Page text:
Exercise is great for overall health and helps lower blood sugar levels. It also helps improve blood flow and increase your energy levels, making it an essential part of your routine. The Diabetes Canada clinical practice guidelines recommend that people with diabetes should accumulate a minimum of 150 minutes (2-½ hours) of moderate- to vigorous-intensity aerobic exercise each week and resistance exercises three times a week. Picking activities that you really enjoy – and doing them with a workout buddy – will help you stay committed over the long term.
- Opt for healthy food choices
Even though you are using insulin, it is still really important to make healthier food choices: your blood sugar levels can be directly affected by what you eat and by the scheduling of meals and snacks. Planning your meals each day, rather than just winging it, can make a difference in your blood sugar readings.
- Investigate additional technologies that can help you manage your diabetes
There are all kinds of new technologies being introduced that can help you manage your diabetes. An insulin pump is a small, computerized device that delivers insulin continuously throughout the day. It attempts to mimic the normal pancreas's release of insulin, but you must tell the pump how much insulin to inject. Continuous glucose monitoring is a way to measure glucose levels in real-time throughout the day and night. A tiny electrode called a glucose sensor is inserted under the skin to measure glucose levels in tissue fluid. It is connected to a transmitter that sends the information via wireless radio frequency to a monitoring and display device.
- Know what can affect your blood sugar levels
It’s not just insulin, food and physical activity that have an effect on your blood glucose. Poor sleep patterns can negatively affect your blood glucose levels. Ensure that you have healthy sleep habits, so that your body can get the rest that it needs.
It’s well known that stress can raise blood glucose levels. When you’re feeling anxious about your diabetes management, there are some simple stress management techniques you can use.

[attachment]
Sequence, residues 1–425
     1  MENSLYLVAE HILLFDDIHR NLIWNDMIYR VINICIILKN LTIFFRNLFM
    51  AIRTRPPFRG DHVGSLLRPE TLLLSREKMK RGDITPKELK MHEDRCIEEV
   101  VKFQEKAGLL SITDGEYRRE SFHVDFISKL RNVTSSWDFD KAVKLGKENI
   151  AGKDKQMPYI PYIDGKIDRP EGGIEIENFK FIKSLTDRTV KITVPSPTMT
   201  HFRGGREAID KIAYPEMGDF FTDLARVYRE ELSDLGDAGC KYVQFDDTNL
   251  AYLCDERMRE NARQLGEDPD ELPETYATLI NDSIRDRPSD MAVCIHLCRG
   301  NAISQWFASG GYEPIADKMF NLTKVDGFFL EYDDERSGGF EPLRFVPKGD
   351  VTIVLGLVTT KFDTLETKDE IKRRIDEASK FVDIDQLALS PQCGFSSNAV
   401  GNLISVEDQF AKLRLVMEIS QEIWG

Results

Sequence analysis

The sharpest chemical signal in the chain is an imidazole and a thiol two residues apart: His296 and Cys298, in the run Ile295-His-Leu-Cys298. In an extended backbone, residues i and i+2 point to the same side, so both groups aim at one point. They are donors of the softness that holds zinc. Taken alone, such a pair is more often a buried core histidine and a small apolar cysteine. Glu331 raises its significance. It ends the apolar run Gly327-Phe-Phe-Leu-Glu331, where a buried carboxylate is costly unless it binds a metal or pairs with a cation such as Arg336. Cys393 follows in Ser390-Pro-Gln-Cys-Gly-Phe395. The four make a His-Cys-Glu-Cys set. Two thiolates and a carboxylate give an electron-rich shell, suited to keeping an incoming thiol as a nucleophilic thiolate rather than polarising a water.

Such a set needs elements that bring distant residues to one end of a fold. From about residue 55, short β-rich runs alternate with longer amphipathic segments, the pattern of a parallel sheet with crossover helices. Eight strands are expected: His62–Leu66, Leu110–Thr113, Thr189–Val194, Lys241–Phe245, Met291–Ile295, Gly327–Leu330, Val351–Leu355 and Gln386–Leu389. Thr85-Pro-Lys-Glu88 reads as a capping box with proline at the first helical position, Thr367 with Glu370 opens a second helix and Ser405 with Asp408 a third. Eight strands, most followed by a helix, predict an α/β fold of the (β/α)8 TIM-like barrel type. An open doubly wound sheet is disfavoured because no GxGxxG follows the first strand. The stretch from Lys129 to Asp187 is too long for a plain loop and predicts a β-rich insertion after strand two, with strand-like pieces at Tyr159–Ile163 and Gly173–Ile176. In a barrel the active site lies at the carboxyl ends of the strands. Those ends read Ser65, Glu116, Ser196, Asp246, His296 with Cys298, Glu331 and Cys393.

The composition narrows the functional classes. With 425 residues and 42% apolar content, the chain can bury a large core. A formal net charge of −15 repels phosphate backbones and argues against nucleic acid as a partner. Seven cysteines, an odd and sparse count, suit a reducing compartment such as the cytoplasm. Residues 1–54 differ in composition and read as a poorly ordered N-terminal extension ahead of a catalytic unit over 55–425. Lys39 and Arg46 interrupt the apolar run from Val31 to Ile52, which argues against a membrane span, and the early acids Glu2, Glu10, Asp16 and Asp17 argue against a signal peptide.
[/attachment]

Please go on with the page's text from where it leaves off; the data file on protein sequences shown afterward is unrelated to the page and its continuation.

- Take 10 deep breaths and focus on positive thoughts.
- Run yourself a bubble bath and relax in the soothing warmth.
- Listen to your favourite music.
- Sit down with a good book or magazine and read a few pages.
Refocusing your mind on pleasant activities can help you eliminate the stress that sometimes accompanies your diabetes management.
- Set long-term goals
Living with type 1 diabetes is a day-to-day challenge, and you’ll find that some days are better than others, for reasons that aren’t always clear. When you have a setback – for example, higher than normal blood glucose levels – it doesn’t mean that you’ve failed at your diabetes management. Take the long view, and set long-term goals, for example, commit to losing 10 pounds in the next two months. Rather than compare yourself to perfection, remember all the positive things that you do to manage your diabetes. Celebrate your victories, but learn and move forward from your setbacks. Don’t focus on negatives or mistakes, like missing a workout or having a rich dessert. Instead, reward yourself for being good – for having a great blood glucose reading, or for cooking a healthy meal.
- Get support when you need it
You are not alone on your diabetes journey. If you feel you need support, there are many resources available to help you. Reach out to a trusted confidante. Family members and friends – the people who know you best – can provide generous support when you feel overwhelmed. As well, ask your healthcare team about support groups in your area.
There are many online support groups and forums that you can join. Diabetes Canada offers educational and advocacy support, and Diabetes Care Community offers a community forum for you to share your thoughts and concerns.